Its amusing watching governments and their green lobby group allies trying to dodge around concerns that might reflect badly upon their politically correct green projects. Recently Alberta Environment Minister Shannon Phillips pronounced that bird and bat deaths from wind turbines were vastly overrated. The government estimates that only a few bird deaths per turbine occur on an annual basis, and apparently that’s a small price to pay to save the planet from climate catastrophe. The Minister referred to a federal government study that claimed that of 269 million bird deaths annually in Canada, 95% were caused by cat predation and collisions with buildings, vehicles, and power lines – windmills did not rate among the top death causes. One wonders how the study came up with that figure – did cat owners provide reports on the numbers of birds killed by their pets to a central database? Did animal bylaw inspectors report on every bird carcass found near tall buildings and power line rights-of-way? 269 million is a lot of dead birds – there must be piles of carcasses and bones somewhere for researchers to come up with such an enormous number. I know the study number is based on case studies using monitoring techniques of specifically measured sites and then extrapolated into a national measurement. It’s easy to poke holes into the figure – with that many millions of deaths you would think there would be dead birds raining down from skyscrapers every day. But when was the last time you saw any dead birds on downtown city streets? Perhaps street sweepers are remarkably efficient at cleaning them up. I doubt researchers ever asked those folks about the number of dead birds they found from building collisions.
It’s generally agreed (except by wind energy lobbyists) that turbines cause a lot of bat and bird deaths although it varies between sites according to local bird species, populations and migratory patterns. But here is the real inconvenient truth – the actual numbers are being covered up, mostly by landowners and windmill operators. That’s because the actual number of deaths would indeed be inconvenient. Several years ago, your humble columnist, in another capacity, assigned a reporter to approach landowners who had windmills about the number of bird and bat casualties caused by turbines on their property. The reporter was met with a wall of silence, resistance and denial. Access to the turbine sites was denied. Now if bird and bat deaths were as few as the wind energy lobby claims, why wouldn’t land owners allow access to sites for reporters to see for themselves? One thing that outside observers have noted is that there are always healthy coyote and fox populations around wind farms. I would suggest they didn’t get that way from chewing on sagebrush. The government and lobby groups state that monitoring studies have been done to prove that windmill bird deaths are just a few per year. Really, how was that done? Were scavengers excluded from the research sites? Were catch nets placed under the turbines? Was there a daily count made on site? I suspect not because the actual casualty numbers would likely be politically unwelcome.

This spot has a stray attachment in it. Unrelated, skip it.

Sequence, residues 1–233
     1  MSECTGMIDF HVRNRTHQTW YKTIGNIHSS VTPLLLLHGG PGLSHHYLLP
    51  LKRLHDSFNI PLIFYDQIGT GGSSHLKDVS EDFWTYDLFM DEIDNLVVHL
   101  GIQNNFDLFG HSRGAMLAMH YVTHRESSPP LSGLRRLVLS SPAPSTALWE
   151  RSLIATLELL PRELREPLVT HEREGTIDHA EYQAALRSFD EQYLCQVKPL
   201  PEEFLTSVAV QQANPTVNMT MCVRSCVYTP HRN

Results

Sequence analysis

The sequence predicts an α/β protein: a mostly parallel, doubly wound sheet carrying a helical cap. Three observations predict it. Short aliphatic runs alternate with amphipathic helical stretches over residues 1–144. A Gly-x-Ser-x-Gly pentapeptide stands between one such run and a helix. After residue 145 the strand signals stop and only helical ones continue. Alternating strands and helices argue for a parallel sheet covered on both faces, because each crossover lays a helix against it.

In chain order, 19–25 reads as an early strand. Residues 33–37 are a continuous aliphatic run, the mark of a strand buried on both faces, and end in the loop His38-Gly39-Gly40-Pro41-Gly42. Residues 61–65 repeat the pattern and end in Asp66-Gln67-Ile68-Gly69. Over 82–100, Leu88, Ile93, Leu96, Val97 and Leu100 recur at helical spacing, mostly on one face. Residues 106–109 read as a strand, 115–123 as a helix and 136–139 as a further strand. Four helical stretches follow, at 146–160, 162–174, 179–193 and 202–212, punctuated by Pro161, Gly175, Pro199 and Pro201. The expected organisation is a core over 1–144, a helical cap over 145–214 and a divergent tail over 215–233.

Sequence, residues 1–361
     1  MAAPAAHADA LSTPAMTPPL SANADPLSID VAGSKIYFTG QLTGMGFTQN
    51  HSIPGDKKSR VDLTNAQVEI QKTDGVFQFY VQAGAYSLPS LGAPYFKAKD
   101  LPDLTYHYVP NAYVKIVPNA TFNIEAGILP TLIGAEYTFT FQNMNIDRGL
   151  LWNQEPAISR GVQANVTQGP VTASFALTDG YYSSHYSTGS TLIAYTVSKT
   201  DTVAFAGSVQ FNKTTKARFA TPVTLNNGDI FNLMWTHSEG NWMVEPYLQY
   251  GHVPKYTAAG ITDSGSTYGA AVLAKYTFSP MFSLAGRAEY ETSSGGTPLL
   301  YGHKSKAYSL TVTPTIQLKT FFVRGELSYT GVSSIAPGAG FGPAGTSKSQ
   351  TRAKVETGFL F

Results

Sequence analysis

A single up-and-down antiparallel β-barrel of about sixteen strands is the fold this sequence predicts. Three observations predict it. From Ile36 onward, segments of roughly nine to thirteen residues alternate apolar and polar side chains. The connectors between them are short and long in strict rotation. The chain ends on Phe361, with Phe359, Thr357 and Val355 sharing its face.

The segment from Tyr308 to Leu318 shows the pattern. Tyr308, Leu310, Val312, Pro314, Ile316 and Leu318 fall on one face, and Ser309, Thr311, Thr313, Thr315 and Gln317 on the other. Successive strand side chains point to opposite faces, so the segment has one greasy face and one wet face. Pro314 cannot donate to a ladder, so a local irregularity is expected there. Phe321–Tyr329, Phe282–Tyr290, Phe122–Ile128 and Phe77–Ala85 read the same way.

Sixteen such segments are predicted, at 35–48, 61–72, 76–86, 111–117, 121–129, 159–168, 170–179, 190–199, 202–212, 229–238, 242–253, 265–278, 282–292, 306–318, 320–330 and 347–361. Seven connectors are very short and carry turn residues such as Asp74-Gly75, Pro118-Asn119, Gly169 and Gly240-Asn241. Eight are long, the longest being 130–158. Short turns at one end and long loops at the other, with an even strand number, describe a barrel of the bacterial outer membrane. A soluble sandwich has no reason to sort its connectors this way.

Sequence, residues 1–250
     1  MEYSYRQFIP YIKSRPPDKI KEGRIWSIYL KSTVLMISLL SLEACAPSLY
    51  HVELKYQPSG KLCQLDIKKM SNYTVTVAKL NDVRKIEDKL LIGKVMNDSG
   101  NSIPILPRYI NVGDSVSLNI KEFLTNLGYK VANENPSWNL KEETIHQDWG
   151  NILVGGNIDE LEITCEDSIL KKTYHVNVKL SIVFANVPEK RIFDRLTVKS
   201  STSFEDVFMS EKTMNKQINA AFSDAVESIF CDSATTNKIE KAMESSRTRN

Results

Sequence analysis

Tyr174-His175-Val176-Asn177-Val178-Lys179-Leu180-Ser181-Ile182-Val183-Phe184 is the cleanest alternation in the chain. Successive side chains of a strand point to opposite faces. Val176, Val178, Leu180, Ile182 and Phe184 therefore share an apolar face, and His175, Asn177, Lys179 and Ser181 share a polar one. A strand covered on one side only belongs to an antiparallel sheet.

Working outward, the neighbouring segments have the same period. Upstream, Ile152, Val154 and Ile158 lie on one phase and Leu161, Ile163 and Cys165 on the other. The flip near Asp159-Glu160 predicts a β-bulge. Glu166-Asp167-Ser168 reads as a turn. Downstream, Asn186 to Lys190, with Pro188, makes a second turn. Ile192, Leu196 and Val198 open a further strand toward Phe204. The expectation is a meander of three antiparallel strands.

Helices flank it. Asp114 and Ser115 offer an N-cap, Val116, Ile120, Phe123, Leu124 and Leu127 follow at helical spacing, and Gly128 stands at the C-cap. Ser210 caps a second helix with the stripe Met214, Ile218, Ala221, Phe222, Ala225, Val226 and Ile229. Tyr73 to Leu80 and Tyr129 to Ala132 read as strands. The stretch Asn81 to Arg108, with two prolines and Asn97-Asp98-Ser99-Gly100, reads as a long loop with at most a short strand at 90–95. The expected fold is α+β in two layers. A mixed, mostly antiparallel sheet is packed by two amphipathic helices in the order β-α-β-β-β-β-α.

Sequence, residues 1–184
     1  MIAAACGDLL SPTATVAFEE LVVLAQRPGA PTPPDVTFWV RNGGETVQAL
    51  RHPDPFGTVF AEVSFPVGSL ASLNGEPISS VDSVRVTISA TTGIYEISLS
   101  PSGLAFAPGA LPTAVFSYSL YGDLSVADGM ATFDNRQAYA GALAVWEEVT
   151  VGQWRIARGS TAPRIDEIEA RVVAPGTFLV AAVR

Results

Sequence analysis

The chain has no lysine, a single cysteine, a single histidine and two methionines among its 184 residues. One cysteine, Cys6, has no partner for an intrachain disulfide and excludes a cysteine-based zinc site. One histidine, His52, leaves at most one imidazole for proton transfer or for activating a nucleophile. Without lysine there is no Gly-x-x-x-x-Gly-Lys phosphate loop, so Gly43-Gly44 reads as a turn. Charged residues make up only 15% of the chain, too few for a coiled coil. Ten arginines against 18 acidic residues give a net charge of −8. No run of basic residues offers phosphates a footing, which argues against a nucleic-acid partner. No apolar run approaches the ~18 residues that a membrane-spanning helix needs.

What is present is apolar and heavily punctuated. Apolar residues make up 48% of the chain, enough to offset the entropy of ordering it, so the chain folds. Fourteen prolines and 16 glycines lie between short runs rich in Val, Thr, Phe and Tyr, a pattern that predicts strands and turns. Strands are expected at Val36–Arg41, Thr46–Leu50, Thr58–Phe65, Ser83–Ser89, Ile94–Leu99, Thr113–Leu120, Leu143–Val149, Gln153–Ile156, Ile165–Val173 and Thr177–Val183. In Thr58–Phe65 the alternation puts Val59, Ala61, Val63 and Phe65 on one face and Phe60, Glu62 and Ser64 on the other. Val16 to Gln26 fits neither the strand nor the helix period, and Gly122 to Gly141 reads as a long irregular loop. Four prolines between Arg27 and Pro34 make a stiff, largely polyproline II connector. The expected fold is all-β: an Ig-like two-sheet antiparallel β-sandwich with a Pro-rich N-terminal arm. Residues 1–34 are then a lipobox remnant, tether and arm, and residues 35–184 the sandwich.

The big problem is what looks like ideological collusion between the wind turbine business, wildlife and green lobby groups, and green-friendly governments. All of them support the ideology of politically correct green energy produced by windmills. That gives them incentive to suppress the annoying reality of bird and bat deaths caused by these killing machines. To be fair, wildlife groups have expressed their dismay at the losses, noting that they are probably much higher than the government estimates, but they seem very unenthusiastic about criticizing the government or suggesting it curb its zeal in creating more forests of windmills across the province. They tend to rationalize that windmills are still far better than coal-fired plants – ideological solidarity trumps bird and bat deaths. One does ponder how many birds died from those evil coal plants compared to the windmill death machines.
Finally, one can’t help the glaring comparison with the over-the-top response of the green lobby to a few hundred duck deaths caused by oil sands tailings ponds and their virtual silence on the annual slaughter of thousands of birds and bats by windmills. If these self-righteous groups had any moral fibre they would be suing governments for honest wildlife impact assessments of windmill sites. It’s another classic example of the perversion of political correctness. Shame on those conniving groups and government apologists. email@example.com